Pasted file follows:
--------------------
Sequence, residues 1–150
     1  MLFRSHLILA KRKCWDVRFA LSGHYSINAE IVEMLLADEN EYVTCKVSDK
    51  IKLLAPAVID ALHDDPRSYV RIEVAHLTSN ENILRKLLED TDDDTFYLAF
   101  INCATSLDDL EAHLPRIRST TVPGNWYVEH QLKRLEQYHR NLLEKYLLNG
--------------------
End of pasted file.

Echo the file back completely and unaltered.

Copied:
Sequence, residues 1–150
     1  MLFRSHLILA KRKCWDVRFA LSGHYSINAE IVEMLLADEN EYVTCKVSDK
    51  IKLLAPAVID ALHDDPRSYV RIEVAHLTSN ENILRKLLED TDDDTFYLAF
   101  INCATSLDDL EAHLPRIRST TVPGNWYVEH QLKRLEQYHR NLLEKYLLNG